From amateur to pro…
While Myrtle Beach to the north and Hilton Head to south were developing into two of the best-known destinations in golf, the old port city of Charleston was initially content attracting scads of visitors to its broad beaches, boutique shops, historic sites, fine dining restaurants, and harbor and garden tours. But eventually, the city known as “the birthplace of golf in America” decided to get in on the roaring success experienced by its coastal neighbors and plunged into the golf world with both feet.
First came Tom Fazio, the game’s acknowledged preeminent architect, who designed an oceanfront gem along a pristine stretch of Isle of Palms dunes called the Links at Wild Dunes and suddenly the Charleston area was at the center of golf’s spotlight. When the Links debuted to rave reviews in the fall of 1980, the course captured the imagination of all close to the sport. Almost immediately, the course vaulted into everyone’s “top 100” list.
Soon other “name” architects followed Fazio to the Lowcountry. Robert Trent Jones, the acclaimed godfather of modern golf design, and his younger son, Rees, both carved their signatures in the sandy soils of Charleston, as did Jack Nicklaus, Pete Dye, Gary Player, Arthur Hills, Willard Byrd, Ron Garl and others, including the king himself, Arnold Palmer.
Today, with three resort properties – Wild Dunes Resort, Kiawah Island Golf Resort and Seabrook Island – serving as cornerstones, Lowcountry golfers have literally dozens of courses waiting to challenge and delight them. And the best part is that the great majority of golf courses in the Charleston area are open to the public.
Kiawah’s five amazing courses
Take the five courses that are part of the renown Kiawah Island Golf Resort, for example. The Ocean Course, which provided the scenic backdrop for the 2000 movie, “The Legend of Bagger Vance,” is definitely a course for champions. Through the years, it has played host to some of the biggest tournaments in the sport including the Ryder Cup, two World Cups, the USB Cup, the PGA Professional National Championship, the Senior PGA and most recently, the PGA Championship. But it’s also the course of golf enthusiasts of all playing skills. In fact, Golf Digest named the Ocean Course the “#4 Public Golf Course in the U.S.” The course also earned a coveted five-star rating in the publication’s “Best Places to Play” reader’s poll. GOLF Magazine rated it #4 in its “Top 100 Courses You Can Play” list.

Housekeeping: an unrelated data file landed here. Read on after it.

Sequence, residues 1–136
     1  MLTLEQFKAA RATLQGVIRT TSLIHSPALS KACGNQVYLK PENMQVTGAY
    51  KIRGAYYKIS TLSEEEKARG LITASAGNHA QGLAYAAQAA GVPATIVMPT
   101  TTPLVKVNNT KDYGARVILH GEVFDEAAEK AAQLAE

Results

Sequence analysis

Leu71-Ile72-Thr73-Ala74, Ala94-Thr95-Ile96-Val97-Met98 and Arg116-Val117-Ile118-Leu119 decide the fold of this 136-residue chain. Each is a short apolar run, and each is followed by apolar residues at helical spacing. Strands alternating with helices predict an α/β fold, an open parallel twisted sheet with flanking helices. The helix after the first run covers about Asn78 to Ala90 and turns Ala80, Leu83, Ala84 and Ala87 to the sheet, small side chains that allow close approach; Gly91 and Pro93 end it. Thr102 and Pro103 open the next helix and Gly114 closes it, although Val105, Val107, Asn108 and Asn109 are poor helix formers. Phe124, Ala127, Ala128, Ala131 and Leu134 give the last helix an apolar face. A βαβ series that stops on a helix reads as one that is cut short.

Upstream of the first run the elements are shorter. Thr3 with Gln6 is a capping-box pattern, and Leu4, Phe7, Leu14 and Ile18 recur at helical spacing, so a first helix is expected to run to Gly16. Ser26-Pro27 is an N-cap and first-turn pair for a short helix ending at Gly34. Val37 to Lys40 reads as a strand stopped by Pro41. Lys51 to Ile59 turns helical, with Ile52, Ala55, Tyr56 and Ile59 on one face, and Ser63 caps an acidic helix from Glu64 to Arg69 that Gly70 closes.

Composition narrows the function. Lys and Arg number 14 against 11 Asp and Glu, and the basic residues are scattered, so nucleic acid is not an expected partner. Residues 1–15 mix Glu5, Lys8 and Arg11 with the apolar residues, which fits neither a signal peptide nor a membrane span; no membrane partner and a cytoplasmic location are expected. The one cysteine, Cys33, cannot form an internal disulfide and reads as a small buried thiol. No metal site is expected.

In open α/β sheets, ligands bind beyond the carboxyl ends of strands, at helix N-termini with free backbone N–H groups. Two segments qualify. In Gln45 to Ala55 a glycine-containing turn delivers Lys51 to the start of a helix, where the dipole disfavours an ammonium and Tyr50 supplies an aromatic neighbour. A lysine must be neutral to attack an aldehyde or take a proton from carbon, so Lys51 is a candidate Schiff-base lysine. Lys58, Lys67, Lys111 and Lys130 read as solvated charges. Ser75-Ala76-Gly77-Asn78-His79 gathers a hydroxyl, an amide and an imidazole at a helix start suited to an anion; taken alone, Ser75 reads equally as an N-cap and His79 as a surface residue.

The Ocean Course isn’t the only star in Kiawah Island Golf Resort’s line-up of courses. Golf Digest recently rated Turtle Point Golf Course 38th on its prestigious “100 Greatest Public Golf Courses” list. Osprey Point Golf Course and Oak Point were both recently awarded a near-perfect 4½ stars in Golf Digest’s “Best Places to Play” reader’s poll and were both considered among the best values in South Carolina. And Cougar Point Golf Course was recently rated the “Golf Course of The Year” by the South Carolina Golf Course Owners Association.
Turtle Point is also home to the Tommy Cuthbert Golf Learning Center, which features private instructional areas (including seven covered hitting bays and Astroturf putting surface for use in inclement weather), a state-of-the-art computerized video swing analysis system, practice bunker and greens, all available to players of all ages.
Just down the road from Kiawah Island, the golf play continues at Seabrook Island. There, resort guest enjoy uncrowded playing conditions and 36 holes of championship golf played on two challenging and uniquely different courses.
The first name in Lowcountry golf, Wild Dunes Resort, is also among the “Best in State” for golf, according to Golf Digest. The Links Course and the Harbor Course, both designed by Tom Fazio, are open to the public and challenge players at every skill level. Wild Dunes Resort is also home to one of the area’s top golf schools, offering a variety of clinics, lesson and intensives.
Traveler to Charleston have more golf options than ever before. Obviously, those wanting to stay and play may choose to experience one of the area’s outstanding resorts. But for a number of golfers, a vacation with more of a town-and-country flair has appeal. From the heart of the historic district, the commute to any of the area’s courses, including the resorts, is computed in minutes, not hours. And by staying “in town,” the golfer is free to select a different course each day or return to a favorite, based on availability, choosing from the area’s entire list of public offerings. Which ever golfer choose, they can’t go wrong when exploring golf in and around historic Charleston.
Copyright © 2019 by Patra Taylor
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